Young people with disabilities breaking down barriers

A group photo of first cohort of trainees  for Tea in the Park, pictured with Social Inclusion Manager Gavin Melly and Project Leader Jennie Marshall.
A group photo of first cohort of trainees for Tea in the Park, pictured with Social Inclusion Manager Gavin Melly and Project Leader Jennie Marshall.

A group of young people who have disabilities are putting themselves at the heart of the community and gaining invaluable skills through an educational training facility.

While to many it is a place to get a good cup of coffee or tea while the little ones run around in the Playtrail, ‘Tea in the Park’ is actually also helping young people with disabilities break down barriers.

The horsebox before it was upgraded.

The horsebox before it was upgraded.

Gavin Melly, Inclusion Officer, said they had been toying with the idea of setting up a tea and coffee facility at the Playtrail for a number of years.

“During this time we have been putting young people out on work placement, but we have struggled to put them on meaningful work placements where they are actually going to build transferable skill so we decided to open our own cafe on site.

“We came up with the idea of transforming a caravan or something similar to provide amenities for the community and to give our young people work placement throughout the year, where they will learn so much more.”

The retro-fitted horsebox is run and managed by the young people, who are supported by project leader Jennie Marshall and other members of staff.

The completed horsebox which is home to Tea in the Park.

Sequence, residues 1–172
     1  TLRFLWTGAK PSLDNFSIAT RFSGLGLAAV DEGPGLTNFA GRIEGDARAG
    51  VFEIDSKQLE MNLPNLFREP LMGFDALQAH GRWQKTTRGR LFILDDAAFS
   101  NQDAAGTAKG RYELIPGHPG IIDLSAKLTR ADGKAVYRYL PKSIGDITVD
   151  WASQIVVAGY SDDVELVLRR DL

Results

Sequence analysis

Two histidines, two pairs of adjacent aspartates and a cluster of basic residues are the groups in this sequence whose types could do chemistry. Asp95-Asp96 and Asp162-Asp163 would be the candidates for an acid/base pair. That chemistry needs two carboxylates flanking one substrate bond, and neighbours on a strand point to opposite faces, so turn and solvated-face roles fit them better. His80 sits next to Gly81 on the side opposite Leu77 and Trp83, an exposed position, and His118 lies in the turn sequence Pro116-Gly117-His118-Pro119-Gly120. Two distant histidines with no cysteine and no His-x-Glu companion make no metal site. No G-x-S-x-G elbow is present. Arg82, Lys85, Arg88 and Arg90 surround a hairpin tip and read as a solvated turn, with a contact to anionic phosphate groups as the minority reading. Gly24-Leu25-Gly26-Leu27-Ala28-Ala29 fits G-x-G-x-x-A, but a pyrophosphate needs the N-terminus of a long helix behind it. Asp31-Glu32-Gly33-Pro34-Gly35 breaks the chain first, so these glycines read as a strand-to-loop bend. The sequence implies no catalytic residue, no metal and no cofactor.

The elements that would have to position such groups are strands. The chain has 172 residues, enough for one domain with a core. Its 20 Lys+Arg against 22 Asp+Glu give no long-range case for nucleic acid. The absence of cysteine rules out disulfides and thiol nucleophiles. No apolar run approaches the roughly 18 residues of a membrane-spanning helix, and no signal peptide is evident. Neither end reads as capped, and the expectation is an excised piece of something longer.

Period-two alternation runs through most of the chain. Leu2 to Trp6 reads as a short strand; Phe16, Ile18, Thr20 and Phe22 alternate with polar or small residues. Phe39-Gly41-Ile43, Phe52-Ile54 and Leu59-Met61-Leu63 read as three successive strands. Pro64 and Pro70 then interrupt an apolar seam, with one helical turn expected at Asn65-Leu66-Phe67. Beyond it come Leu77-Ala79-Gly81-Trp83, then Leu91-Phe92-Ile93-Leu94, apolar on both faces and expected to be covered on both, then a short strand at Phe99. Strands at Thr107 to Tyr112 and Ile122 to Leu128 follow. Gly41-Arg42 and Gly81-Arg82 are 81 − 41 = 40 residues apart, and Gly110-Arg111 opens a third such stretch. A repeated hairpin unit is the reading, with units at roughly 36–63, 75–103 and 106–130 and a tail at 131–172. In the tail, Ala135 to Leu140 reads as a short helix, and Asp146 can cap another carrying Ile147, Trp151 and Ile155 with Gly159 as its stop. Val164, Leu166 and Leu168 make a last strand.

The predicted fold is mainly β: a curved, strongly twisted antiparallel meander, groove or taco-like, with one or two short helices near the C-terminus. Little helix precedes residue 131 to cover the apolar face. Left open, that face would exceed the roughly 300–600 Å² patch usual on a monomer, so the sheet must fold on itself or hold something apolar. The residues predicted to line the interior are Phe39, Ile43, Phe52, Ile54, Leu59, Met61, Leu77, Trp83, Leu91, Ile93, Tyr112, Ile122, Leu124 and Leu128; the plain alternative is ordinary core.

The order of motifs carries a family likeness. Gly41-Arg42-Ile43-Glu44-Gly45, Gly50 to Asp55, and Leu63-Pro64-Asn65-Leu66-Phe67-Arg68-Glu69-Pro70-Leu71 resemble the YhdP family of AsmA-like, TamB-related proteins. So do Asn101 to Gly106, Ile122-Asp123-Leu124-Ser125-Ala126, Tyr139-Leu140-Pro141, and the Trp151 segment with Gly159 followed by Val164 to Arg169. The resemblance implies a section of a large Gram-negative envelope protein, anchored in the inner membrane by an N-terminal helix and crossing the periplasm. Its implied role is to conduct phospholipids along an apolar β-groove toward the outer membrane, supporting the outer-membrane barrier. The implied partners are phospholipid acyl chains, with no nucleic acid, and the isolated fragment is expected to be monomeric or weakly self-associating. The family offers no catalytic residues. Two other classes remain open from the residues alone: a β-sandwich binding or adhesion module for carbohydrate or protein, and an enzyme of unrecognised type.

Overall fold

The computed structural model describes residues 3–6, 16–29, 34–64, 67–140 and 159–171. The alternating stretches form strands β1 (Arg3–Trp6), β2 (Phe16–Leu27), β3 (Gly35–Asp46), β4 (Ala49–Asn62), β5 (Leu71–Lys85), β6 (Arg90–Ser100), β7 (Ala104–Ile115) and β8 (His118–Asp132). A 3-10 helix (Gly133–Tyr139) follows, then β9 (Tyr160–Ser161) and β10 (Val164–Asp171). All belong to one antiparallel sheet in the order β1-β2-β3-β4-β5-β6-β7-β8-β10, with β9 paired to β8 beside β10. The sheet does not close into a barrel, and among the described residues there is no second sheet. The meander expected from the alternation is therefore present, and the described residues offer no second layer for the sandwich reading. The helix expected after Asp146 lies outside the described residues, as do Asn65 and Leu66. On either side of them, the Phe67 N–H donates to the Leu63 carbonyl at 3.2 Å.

The completed horsebox which is home to Tea in the Park.

The young people are also at the heart of the decision making process and all profits raised will be re-invested back into the project.

Gavin revealed that they spent months sourcing the coffee machine and tills, which have pictures, and the produce.

“In January we recruited the first 11 young people and they went through a six week training programme. They did customer service, communication, food hygiene, personal hygiene and cash handling.

“They also did two days in the food innovation centre in the NWRC and got full barista training. Even though we use a bean to cup machine, we wanted the young people to have the knowledge and understanding of what they are doing.”

Jack Loughrey

Jack Loughrey

In keeping with the ethos of the Playtrail, Tea in the Park is stocking fair trade coffee, tea and sugar and all the cups, lids, napkins and stirrers are compostable. The water bottles are sourced from a learning disability group in Larne.

“What is beautiful about them is there is a code at the back of each bottle and if you visit their website and type in the code it tells you all about the person who made the bottle,” Gavin explained.

He said the young people get support and training every day and are ‘fighting over doing shifts’.

“The young people have been loving it. Often they come in an hour early and offer to work on because they enjoy it so much. There was one trainee who didn’t want to go to a concert because they wanted to work.

“They have a real sense of belonging and they have pride in what they are doing and it is encouraging social inclusion. The support from the community has been really overwhelming and it is preparing our young people for real life opportunities and providing them with transferable skills.

“I have seen massive growth in some of them over the last couple of months.”

Tea in the Park is open seven days a week Mon-Fri 11am-5:30pm, Sat 12pm-5pm, Sun 1pm-5pm.